• U.S. Patent Application Publication No. 2006/0156209, to Matsuura, et al, provides further examples. In one from, the system of the '209 application attempts to recognize that whenever a person arrives at a particular location, they are likely to want to use their hand-held device to check electronic mail, this likelihood being determined by recognizing the historical tendency of the person to use electronic mail whenever the person reaches that specific location. In another form, the '209 application describes a system for utilizing statistical analysis with a hand-held device. Specifically, the system of the '209 application has pre-set parameters that are met in order for a location of a user to be recorded. As a user moves from location to location, the system records each location that meets the pre-set parameters (such as remaining at the location for a predetermined period of time sufficient to indicate that the user was not simply passing through the location). Certain data, such as date, time, etc, are recorded and associated with the location entries. The system then analyzes the historical movements of the user to predict future movements: that is, the system calculates the highest probability destinations, and presents a subset of past movements based on the most likely. Obviously, if one's history indicates an 82% likelihood of going to one of three restaurants, as described as one of the examples of the '209 application, one would not normally need directions to such restaurants. However, the '209 application attempts to provide only current information, of sorts, about the restaurants: the system of the '209 application may download and display the daily specials at each of the restaurants that the user visits a combined 82% of the time.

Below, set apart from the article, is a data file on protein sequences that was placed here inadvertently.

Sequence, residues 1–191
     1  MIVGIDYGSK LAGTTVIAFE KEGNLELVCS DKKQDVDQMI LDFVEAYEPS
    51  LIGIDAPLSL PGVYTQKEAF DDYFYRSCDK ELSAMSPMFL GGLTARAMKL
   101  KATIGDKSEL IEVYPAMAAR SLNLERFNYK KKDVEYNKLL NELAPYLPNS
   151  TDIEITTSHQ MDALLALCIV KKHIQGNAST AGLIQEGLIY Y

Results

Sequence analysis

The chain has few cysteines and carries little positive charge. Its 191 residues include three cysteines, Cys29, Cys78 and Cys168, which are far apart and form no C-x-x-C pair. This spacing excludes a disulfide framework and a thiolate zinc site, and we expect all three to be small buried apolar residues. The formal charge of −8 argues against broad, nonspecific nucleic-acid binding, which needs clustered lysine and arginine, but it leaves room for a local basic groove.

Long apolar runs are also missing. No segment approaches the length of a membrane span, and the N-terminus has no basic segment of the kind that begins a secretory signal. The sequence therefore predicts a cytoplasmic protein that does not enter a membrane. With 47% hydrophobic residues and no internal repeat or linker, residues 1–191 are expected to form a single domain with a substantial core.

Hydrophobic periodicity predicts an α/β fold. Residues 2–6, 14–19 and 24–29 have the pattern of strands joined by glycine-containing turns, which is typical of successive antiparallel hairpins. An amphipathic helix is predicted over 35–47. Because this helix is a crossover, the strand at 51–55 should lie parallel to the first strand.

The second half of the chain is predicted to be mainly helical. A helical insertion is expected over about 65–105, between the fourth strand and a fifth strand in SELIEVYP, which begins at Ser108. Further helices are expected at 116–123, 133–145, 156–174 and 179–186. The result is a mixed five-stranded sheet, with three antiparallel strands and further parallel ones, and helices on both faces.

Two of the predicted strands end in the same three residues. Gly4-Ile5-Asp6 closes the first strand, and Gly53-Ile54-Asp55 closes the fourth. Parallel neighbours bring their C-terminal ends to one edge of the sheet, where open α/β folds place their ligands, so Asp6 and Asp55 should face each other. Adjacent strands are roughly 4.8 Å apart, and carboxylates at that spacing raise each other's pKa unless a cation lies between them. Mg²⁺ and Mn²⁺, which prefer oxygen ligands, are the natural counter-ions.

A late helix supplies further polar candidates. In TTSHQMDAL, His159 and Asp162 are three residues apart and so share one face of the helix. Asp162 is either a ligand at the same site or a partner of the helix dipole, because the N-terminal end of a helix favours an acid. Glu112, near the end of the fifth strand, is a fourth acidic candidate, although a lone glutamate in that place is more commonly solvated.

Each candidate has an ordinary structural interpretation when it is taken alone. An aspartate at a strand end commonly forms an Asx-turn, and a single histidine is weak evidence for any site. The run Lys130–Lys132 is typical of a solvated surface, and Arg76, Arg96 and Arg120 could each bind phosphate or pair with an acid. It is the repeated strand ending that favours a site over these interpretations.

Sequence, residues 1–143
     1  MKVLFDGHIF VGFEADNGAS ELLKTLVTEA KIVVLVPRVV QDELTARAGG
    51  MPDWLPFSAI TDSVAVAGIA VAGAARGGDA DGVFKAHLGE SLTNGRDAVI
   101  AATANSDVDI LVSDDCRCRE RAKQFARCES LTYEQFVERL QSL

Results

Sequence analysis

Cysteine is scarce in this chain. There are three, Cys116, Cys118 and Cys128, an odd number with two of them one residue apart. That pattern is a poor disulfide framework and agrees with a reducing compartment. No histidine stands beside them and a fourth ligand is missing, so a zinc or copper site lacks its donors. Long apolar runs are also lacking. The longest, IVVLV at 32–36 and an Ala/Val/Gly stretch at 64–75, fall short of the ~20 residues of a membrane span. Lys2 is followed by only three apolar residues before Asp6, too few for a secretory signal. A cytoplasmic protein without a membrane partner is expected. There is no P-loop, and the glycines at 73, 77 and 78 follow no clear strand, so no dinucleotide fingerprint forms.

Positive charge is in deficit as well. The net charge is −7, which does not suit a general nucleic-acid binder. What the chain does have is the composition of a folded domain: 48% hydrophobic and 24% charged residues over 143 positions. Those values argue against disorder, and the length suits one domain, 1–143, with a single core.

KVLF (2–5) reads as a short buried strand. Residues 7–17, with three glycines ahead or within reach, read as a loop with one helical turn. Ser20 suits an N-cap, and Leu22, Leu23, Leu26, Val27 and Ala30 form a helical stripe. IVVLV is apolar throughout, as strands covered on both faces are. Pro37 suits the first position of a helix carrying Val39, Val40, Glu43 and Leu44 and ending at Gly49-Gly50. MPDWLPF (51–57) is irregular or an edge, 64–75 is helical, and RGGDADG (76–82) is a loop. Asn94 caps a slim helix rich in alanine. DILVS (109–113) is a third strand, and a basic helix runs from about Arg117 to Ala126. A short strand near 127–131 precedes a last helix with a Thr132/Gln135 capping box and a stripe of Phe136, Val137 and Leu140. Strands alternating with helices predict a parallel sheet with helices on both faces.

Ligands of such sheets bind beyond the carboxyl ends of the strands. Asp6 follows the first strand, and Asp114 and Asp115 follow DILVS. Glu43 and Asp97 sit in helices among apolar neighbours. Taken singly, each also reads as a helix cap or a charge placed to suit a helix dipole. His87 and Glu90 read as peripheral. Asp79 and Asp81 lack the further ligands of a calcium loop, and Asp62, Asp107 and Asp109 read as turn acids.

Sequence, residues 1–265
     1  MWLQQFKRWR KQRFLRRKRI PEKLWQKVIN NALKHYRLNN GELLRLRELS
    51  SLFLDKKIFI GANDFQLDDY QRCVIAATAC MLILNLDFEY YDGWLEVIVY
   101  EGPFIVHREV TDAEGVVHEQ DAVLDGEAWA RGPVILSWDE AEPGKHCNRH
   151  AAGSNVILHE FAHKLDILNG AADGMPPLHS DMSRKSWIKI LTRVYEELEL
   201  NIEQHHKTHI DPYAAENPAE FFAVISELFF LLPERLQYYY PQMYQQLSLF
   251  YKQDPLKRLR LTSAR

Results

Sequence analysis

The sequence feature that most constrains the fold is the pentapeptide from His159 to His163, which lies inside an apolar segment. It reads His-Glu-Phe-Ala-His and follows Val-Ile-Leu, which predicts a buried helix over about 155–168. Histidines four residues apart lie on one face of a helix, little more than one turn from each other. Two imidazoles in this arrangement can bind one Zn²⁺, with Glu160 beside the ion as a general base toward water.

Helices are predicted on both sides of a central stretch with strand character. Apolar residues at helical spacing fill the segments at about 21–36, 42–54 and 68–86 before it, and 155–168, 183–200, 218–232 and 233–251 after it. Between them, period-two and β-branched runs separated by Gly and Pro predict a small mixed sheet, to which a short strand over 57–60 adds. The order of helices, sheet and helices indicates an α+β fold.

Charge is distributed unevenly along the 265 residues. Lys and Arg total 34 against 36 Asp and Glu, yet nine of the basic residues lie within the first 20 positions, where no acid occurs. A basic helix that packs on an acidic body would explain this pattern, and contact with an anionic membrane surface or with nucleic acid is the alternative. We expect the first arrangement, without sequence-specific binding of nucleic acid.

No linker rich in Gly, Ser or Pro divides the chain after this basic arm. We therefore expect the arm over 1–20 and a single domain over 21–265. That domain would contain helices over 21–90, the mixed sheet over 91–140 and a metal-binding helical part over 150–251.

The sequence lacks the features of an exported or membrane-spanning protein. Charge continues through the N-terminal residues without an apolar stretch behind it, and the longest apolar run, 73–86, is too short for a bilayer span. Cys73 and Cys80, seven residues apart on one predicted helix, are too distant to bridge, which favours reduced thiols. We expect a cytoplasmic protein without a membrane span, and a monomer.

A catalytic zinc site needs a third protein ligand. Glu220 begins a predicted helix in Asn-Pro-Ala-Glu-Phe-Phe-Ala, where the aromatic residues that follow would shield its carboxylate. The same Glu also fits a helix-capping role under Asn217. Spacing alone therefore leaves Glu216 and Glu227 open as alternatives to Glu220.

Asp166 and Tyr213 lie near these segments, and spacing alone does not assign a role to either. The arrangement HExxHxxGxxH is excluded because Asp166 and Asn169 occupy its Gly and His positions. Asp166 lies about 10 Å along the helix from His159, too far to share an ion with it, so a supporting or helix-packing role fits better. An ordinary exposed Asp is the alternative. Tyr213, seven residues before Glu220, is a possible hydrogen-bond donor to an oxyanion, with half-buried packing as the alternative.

• Again, it should be noted that nearly all results provided by the systems and methods of the '209 application are based on the user's own historical movements. The exception to this is a form in which the destination address or location of the user is known or a near certainty. For instance, the system of the '209 application may determine that the user has boarded a train that will necessarily arrive at a particular location. To do so, the system will consider the route path history for the user, and recognize that a present course of the user ultimately results in the user disembarking from the train at a particular location. In another aspect, the device of the system may recognize that it has passed a train station gate, the gate itself indicating an arrival destination. In this manner, the device is able to recognize the route that will be taken, without reliance on historical routes and without a GPS locator device. The device can then provide an estimated time of arrival at the destination station, and attempt to offer commercial information or advertisements for stores located at the destination, such as a particular store having a sale.
  • Accordingly, there has been a need for improved systems and methods for hand-held devices to provide and support location-based predictive services based on the user's desired or actual needs.
  • SUMMARY